Feline Renal Transplantation: The Ethics
Chronic kidney disease (CKD) is very common in cats, especially those over 7-years-old. Kidney transplantation is sometimes used to treat CKD, and it usually involves the transfer of a single kidney from a healthy cat. However, this procedure is controversial because it is difficult to predict potential harmful effects on both donors and recipients. As CKD becomes more common and demands for kidney transplantation increase, it is important for everyone, and especially for veterinarians and lawmakers, to consider related ethical issues.
In an article in “The Veterinary Journal,” the author focuses on two concepts to assess the morality of kidney transplantation in cats. The first is “harm versus benefit”; the second is “cat-likeness,” or the degree to which a cat may be defined as one. He then discusses ethical implications for veterinarians and lawmakers, key decision-makers of kidney transplantations. The author points out that although kidney transplantation can alleviate CKD, it can also lead to side-effects such as pain, transplant rejections, and infections. In addition, the procedure may or may not extend a cat’s life significantly. Other factors, such as the guardian’s capacity to pay for post-operative care, can affect a cat’s quality of life over the long run. In a sense, the veterinarian must “gamble” and evaluate the potential harms and benefits of each case individually.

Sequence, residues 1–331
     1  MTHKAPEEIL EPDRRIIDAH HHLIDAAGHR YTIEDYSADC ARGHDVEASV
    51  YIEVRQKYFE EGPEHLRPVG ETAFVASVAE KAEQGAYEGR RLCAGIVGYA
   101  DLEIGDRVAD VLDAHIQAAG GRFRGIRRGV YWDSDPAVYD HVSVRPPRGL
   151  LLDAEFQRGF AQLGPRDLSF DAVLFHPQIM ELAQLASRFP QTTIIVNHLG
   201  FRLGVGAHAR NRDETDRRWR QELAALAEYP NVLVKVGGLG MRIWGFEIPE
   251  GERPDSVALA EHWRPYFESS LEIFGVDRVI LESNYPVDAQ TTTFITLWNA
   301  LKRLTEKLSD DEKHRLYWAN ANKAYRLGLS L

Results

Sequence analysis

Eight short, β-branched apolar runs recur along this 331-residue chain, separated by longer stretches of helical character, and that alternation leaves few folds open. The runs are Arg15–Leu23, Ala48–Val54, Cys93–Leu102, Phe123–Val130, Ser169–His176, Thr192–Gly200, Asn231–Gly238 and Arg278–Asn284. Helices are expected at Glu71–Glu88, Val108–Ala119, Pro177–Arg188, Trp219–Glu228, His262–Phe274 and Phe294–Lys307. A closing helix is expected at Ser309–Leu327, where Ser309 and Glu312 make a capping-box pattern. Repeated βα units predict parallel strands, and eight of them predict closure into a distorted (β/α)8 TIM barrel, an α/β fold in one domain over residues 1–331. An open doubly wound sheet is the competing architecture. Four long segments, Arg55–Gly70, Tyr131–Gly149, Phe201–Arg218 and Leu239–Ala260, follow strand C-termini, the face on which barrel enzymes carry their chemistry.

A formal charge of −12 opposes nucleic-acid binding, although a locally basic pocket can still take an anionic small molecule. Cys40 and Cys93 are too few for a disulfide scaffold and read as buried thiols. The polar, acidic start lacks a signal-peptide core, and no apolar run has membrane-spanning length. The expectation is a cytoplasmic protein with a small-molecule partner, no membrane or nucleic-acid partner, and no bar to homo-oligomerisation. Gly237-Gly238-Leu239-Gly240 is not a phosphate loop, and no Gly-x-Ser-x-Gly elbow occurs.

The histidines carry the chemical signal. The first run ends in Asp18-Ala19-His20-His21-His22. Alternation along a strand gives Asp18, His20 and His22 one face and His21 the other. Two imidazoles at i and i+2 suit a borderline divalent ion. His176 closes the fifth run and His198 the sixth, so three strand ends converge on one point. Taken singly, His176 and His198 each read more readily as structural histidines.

There is a gamble for donor cats, too. The removal of a kidney would likely cause suffering and shorten lifespan. However, donor cats, who often come from shelters, may sometimes be adopted by the guardian of recipient cats. In this case, a cat that may not otherwise find a home could find one. Still at issue is whether a donor cat thus adopted would live comfortably in the long run, instead of being neglected or euthanized. Apart from these gambles, another potential concern about kidney transplantation is whether it makes cats “abnormal.” The addition of a kidney may enhance a cat’s bodily function, making it “beyond natural,” and the loss of a kidney may make a cat “impaired.” However, the author asserts that these arguments have “limited force.”. An added kidney substitutes an original kidney, restoring overall kidney function; the loss of a kidney usually has little impact on overall kidney function. In both cases, “cat-likeness” is generally unaffected.
The author proposes that lawmakers ban kidney transplantations, except in cases where no cat is harmed overall (for example, if kidneys can be obtained from a deceased cat). Even when transplantation is allowed, veterinarians and guardians are still advised to consider any broader harmful effects on cats, and lawmakers are advised to establish suitable protective measures for such cases. For animal advocates, the article is sure to generate a great deal of discussion—discussion that is worth having.